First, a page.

Lately, however, the country has been experiencing severe dry season that has induced forest fires on the islands of Java, Kalimantan, and Sumatra.
The ongoing prolonged drought has caused water shortage in several regions, such as in the provinces of East Nusa Tenggara and West Java, and triggered fires in forest areas, particularly in West Kalimantan and Central Java.
In West Kalimantan, schools were recently closed, as forest fires produced smoke that could affect the health of students.
The national disaster mitigation office has deployed four helicopters to help extinguish the fires.
In Central Kalimantan, the East Kotawaringin district police recently named four suspects in land and forest fires in several areas in the district.
Chief of the East Kotawaringin District Police Adjunct Chief Commissioner Mohammad Rommel remarked on September 11, 2018, that the police had investigated the cases of land fires in Ujung Pandaran, Samuda, Baamang, and Mentawa Baru Ketapang.
The police are also investigating the case of large land fires in Mentaya Hilir Selatan District, he noted.
In South Kalimantan, the local inhabitants are optimistic of rain falling again to disperse the haze of the smoke that had begun to blanket some areas in the province.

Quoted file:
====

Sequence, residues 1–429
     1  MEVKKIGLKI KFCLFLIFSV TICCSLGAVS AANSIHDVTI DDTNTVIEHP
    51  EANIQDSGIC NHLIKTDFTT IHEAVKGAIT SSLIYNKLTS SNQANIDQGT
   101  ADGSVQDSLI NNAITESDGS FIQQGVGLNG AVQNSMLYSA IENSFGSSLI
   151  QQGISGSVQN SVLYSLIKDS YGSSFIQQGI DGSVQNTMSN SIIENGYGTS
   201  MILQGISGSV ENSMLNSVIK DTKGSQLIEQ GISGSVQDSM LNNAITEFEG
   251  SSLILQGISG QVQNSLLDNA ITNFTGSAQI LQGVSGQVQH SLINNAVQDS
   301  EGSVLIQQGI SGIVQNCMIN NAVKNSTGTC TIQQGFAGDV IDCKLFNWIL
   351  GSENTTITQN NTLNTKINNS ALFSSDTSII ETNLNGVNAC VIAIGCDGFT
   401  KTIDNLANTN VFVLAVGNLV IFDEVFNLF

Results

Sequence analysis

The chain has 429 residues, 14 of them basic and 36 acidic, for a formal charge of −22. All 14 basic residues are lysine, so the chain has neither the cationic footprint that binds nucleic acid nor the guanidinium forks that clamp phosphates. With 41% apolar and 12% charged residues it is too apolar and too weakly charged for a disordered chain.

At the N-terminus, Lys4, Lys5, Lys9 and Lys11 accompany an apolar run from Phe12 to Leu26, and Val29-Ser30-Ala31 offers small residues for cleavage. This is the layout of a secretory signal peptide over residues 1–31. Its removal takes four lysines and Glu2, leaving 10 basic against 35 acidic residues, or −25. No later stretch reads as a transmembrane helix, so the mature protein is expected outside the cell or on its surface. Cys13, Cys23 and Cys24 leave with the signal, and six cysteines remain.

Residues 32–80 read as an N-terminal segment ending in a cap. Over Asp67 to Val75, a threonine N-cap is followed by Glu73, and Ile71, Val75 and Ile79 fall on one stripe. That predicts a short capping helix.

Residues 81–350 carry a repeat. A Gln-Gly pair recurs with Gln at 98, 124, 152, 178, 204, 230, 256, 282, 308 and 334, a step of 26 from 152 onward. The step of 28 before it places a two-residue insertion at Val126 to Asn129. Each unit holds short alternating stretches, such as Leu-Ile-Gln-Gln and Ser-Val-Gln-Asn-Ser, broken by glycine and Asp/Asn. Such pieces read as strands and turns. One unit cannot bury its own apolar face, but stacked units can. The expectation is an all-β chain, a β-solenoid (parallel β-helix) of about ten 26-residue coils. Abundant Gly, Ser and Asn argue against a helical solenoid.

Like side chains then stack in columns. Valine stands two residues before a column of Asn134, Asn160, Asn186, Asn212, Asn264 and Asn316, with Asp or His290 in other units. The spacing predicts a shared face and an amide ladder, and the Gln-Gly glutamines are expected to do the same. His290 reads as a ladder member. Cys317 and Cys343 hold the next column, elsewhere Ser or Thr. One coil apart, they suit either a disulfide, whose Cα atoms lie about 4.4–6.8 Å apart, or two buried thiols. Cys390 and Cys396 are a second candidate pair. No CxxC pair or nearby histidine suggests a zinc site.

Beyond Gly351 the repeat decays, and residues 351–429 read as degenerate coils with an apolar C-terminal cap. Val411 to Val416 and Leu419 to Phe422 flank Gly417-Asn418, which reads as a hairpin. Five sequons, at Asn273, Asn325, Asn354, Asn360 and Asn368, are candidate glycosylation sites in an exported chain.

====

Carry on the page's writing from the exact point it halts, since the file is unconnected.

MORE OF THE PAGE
The people in Banjarmasin and Banjarbaru as well as the surrounding areas recently breathed a sigh of relief after rainfall, lasting for two hours, cleared the air of haze.
Forest and bush fires hit 13 districts since January 2018, ravaging one thousand hectares of tropical forests and plantation areas.
On Java Island, wildfires were reported on at least three mountainous areas: Mount Lawu, Mount Sindoro, and Mount Argpuro.
At least 30-hectare forest areas were razed by fires on Mount Lawu, which is located on the border of Central and East Java provinces.
Joint efforts have been made over the past few days to extinguish the forest fire, but the prolonged drought and strong winds had hindered the fire fighters` endeavors, Djohan Surjoputro, Mount Lawu`s administrative authority, stated recently.